There's nothing controversial-sounding about Democratic presidential nominee Barack Obama's campaign pledge to make a $10 billion federal investment in high-quality early education. After all, 38 states and the District of Columbia now underwrite pre-kindergarten. With GOP stalwarts such as Alabama Gov. Bob Riley and South Dakota Gov. Mike Rounds on board, and support coming from the likes of Ben Bernanke, the Federal Reserve chairman, as well as a host of big-city police chiefs, you'd think that the benefits of preschool are as generally accepted as the reality of global warming. Think again.
While the McCain campaign remains mum on the topic, the free-markets think-tank, the Reason Foundation, has rushed in to fill the void. In an Aug. 22 Wall Street Journal commentary piece that's getting wide circulation in the blogosphere, foundation staffers Shikha Dalmia and Lisa Snell take a rhetorical cudgel to preschool. Not only is pre-K a waste of money, they claim - it can even do "lasting damage." This op-ed comes dressed in the trappings of social science. That may make it sound impressive, but the argument is pure snake-oil.
The Reason Foundation staffers cherry-pick from the studies to make their case. They treat research whose outcomes comport with their biases as gospel, even when those studies flunk the test of scientific respectability. Research published in leading journals that reaches a contrary result go ignored. The staffers' biggest gaffe is the contention that James Heckman, a Nobel Prize-winning economist and a leading authority in this field, is an ally. Quite the contrary: In a recent Science article, Heckman calculated that, over a 40-year-period, the annual rate of return on investment for the children who participated in the famous Perry Preschool experiment is a glimmering 16 percent. If Perry Preschool were a business, Warren Buffett would want to invest in it.
These writers show their true colors when they describe the parents of the Perry preschool youngsters as "drug addicts and neglectful." Those mothers and fathers were poor, badly educated African Americans - to leap to the conclusion that they were drug-addled speaks volumes about the authors' biases.
To be sure, pre-kindergarten isn't a panacea. Giving all kids a decent shot at success would require offering parents the support that many of them need to raise their children well, as well as strengthening the public schools. What's more, when preschool is badly done - with classes that are too big, teachers who know too little about child development and parents who are discouraged from getting involved in their own kids' education - no one comes out ahead.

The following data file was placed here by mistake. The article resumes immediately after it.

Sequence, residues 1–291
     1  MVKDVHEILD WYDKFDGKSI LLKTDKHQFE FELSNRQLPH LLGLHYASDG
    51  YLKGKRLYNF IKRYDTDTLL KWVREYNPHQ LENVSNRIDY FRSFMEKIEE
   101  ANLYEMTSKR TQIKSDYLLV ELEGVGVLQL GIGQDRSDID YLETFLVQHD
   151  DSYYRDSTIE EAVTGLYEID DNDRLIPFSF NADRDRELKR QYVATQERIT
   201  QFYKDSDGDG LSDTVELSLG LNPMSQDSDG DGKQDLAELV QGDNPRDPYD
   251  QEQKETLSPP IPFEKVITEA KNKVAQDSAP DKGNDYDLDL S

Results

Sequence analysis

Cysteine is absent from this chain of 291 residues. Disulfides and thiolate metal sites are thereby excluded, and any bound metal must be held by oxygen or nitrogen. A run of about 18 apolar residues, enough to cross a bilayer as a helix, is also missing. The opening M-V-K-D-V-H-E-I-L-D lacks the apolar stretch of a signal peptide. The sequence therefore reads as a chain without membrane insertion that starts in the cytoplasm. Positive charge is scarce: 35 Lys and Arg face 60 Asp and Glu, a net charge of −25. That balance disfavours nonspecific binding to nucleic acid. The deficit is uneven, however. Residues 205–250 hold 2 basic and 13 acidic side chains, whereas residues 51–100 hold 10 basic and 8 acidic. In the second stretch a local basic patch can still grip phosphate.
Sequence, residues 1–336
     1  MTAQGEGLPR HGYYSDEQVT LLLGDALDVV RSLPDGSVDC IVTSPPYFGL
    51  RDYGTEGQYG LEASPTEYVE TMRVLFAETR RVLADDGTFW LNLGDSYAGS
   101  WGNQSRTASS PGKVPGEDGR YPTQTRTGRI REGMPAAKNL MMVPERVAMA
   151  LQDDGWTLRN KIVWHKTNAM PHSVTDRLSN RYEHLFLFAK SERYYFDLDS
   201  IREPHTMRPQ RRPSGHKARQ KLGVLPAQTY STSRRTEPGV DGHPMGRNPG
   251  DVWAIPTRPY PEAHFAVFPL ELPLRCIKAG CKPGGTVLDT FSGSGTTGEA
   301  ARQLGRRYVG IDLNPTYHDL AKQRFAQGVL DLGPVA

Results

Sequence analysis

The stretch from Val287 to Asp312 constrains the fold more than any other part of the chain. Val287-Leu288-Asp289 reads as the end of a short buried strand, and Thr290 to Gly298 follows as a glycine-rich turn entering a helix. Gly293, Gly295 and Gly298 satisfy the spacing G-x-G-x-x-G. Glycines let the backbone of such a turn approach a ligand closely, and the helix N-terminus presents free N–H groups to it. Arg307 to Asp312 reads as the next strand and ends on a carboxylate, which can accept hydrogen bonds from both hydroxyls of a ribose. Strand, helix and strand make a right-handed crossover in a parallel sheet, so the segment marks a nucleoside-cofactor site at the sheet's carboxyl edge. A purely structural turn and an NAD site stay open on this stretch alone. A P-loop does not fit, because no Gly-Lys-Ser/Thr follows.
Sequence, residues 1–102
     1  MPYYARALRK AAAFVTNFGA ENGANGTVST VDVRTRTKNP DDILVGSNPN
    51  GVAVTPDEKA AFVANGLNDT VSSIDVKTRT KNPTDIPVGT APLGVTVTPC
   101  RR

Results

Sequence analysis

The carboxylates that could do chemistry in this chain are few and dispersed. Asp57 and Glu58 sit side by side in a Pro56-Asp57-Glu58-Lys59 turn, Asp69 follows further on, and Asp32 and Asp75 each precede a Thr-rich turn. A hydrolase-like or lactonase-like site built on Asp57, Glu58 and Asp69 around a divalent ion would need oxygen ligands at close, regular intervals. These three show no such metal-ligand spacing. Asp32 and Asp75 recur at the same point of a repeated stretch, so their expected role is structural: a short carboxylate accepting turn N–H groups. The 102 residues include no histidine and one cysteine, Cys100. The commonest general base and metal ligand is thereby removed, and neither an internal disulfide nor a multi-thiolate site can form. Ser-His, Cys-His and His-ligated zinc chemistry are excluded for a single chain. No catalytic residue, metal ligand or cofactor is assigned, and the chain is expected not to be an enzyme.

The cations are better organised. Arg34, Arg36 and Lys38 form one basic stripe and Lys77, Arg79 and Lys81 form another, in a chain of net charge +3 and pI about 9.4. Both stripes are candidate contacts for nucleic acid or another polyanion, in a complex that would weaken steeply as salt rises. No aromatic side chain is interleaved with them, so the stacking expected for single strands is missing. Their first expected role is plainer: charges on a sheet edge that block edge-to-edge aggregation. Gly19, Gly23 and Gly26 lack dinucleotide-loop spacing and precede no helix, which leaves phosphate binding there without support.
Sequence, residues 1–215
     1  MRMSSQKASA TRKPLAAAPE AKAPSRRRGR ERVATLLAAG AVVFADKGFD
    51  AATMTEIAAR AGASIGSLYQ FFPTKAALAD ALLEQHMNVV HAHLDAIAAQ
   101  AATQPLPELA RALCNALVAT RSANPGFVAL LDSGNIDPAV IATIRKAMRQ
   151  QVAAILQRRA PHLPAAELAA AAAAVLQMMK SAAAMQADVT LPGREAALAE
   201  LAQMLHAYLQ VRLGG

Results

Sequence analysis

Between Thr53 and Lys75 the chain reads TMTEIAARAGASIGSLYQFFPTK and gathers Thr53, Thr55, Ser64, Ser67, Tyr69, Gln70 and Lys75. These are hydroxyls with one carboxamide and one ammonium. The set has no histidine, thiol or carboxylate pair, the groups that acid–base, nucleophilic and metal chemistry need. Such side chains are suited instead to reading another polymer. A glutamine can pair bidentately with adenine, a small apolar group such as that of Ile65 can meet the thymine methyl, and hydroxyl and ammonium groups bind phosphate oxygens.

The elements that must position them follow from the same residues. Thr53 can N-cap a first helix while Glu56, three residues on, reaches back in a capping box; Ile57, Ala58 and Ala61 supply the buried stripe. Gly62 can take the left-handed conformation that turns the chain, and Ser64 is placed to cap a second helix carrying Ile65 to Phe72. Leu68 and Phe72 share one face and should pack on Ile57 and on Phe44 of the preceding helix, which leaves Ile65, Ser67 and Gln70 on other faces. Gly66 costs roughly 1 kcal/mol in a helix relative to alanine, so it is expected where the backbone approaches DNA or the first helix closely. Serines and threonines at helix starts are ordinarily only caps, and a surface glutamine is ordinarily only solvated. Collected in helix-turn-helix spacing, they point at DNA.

When pre-K is done right, though, the evidence confirms that it can alter the arc of children's lives. That's why the goal of policy should be to guarantee every 3- and 4-year-old a preschool opportunity as good as what the wisest parents would want for their own children.
When the Reason Foundation abuse the research to discredit pre-K they're doing the next generation a disservice. And because good preschool is a sound investment in the country's future, they're short-changing the rest of us as well.
Point and counterpoint on preschool
The evidence demolishes the Reason Foundation's claims.
Claim: Oklahoma and Georgia enroll the biggest proportion of children in pre-kindergarten. Nonetheless, students in those states perform terribly on the nationally mandated fourth-grade reading and math tests. Preschool is money down the drain.
Fact: In both Oklahoma and Georgia, math and reading test scores increased once the preschoolers reached fourth grade. Nationwide, a RAND study shows, good state pre-kindergarten programs lead to higher test scores.
Claim: The benefits of Head Start, the nation's biggest early education program, fade out over time. Any early education gains are illusory.
Fact: The most rigorous research shows that Head Start makes a long-term difference: educational attainment is higher and crime rates are lower.
Claim: Children in Finland, who don't start school until age 7, do well on international tests. If they don't need pre-kindergarten, then why do we?
Fact: Finnish youngsters aren't babes in their mothers' arms until they reach age 7; their parents have a host of early childhood education options from which to choose. What's more important, international studies show that preschool helps all children and that the least advantaged youngsters benefit most. In nations where pre-kindergarten is widely available, 15-year-olds do better on international tests than youngsters in similar countries where pre-kindergarten is less common - that means the benefits of early education endure. Moreover, in countries where most children attend preschool, the test score gap is narrowest - that means early education does the greatest good for those who most need the help.
Claim: Preschool can do lasting damage, reducing kids' motivation and increasing their aggressiveness.
Fact: Studies that meet the highest scientific standards show just the opposite - that good pre-kindergarten programs have positive effects on how children develop socially and emotionally.
Claim: Only the most disadvantaged children can benefit from pre-kindergarten. If government is going to invest in early education, that's where all the money belongs.
Fact: Research dating to the 1980s, including a study of Oklahoma youngsters published in the prestigious journal Science, concludes that while the least well-off kids may gain the most from high-quality preschool, middle-class youngsters are also better off.
David L. Kirp, professor at Berkeley Law and the Goldman School of Public Policy at UC Berkeley, is the author of "The Sandbox Investment" (2007).
W. Steven Barnett is the director of the National Institute for Early Education Research (NIEER), which was established at Rutgers University's Graduate School of Education with a grant from Pew.